Infinite Number of Bloggers Produces Works of Shakespeare
‘We never thought we’d see it!’ say amazed statisticians.
Cambridge, MA | In a shocking development that has stunned scientists around the world, the so-called “infinite monkey theorem” has tentatively proven true.
This theorem states that a monkey hitting keys at random on a typewriter for an infinite amount of time will type a given text, such as the complete works of William Shakespeare. Alternative versions of the theorem posit an infinite number of monkeys and an infinite number of typewriters.
“We were always using monkeys and typewriters in our calculations,” said Dr. Arthur Vandelay, head of the Harvard Center for the Study of Infinite Monkeys, “and hadn’t realized that with millions of bloggers out there, we had a critical mass of monkeys, so to speak.
“We recently discovered the blog of a Natalya Dvorzhetskii, a five year old Russian girl living in Kissov, Siberia. She has never been exposed to the works of Shakespeare, yet her last twelve blog entries comprise the complete texts of Shakespeare’s tragedies! Of course, there are a few glitches here and there.”
One of the inconsistencies occurs in the Bard’s most famous passage. Ms. Dvorzhetskii’s version of the “To be or not to be” soliloquy came out as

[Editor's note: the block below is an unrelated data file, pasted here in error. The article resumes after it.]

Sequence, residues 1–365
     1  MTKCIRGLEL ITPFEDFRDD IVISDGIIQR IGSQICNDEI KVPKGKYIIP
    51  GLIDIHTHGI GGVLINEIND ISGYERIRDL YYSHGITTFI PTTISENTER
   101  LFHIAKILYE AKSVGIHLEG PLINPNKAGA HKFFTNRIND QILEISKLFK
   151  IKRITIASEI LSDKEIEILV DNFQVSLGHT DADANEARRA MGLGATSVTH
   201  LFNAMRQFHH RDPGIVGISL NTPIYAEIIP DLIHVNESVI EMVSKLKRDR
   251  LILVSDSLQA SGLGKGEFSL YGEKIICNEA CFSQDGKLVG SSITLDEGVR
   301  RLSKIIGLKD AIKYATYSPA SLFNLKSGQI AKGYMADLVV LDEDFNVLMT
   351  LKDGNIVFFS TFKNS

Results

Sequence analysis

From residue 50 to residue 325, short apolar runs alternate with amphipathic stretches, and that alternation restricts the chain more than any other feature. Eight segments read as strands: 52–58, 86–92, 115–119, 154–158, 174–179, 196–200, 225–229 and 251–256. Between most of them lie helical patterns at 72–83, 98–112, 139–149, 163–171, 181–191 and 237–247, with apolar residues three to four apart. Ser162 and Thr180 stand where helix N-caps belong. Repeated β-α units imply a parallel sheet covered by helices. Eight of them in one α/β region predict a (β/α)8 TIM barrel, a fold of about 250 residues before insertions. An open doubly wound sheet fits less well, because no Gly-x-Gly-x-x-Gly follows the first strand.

To be, or not to be, that is the Catch-22:
Whether ’tis Nobler in the slithey toves
The fucking fucks and the fucking furious fusilli of Fortune,
Or to take Arms against a sea of I could not stop for death,
And by opposing how shall I compare thee?
No more. . .
“Other than this infelicitous passage, she has the texts off perfectly!” exclaimed Dr. Vandelay.
In a parallel development, a wild ring-tailed lemur in Madagascar recently broke into the municipal office in Amparafaravola, sat down at a computer station, and wrote letter-perfect versions of seven Ernest Hemingway short stories.
News of the literary lemur didn’t impress Dr. Valdelay as much. “On the face of it, this, too, seems remarkable, but considering that it’s Hemingway, it’s more surprising that a monkey or lemur hadn’t already done it.”
Previous efforts to induce primates to type a classic of literature haven’t been successful.
In 2003, lecturers and students from the University of Plymouth MediaLab Arts course studied the literary output of real monkeys. They left a computer keyboard in the enclosure of six Celebes Crested Macaques in Paignton Zoo in Devon in England for a month.
Not only did the monkeys produce nothing but five pages consisting largely of the letter S, the dominant male bashed the keyboard with a stone. The other monkeys joined in by urinating and defecating on the computer.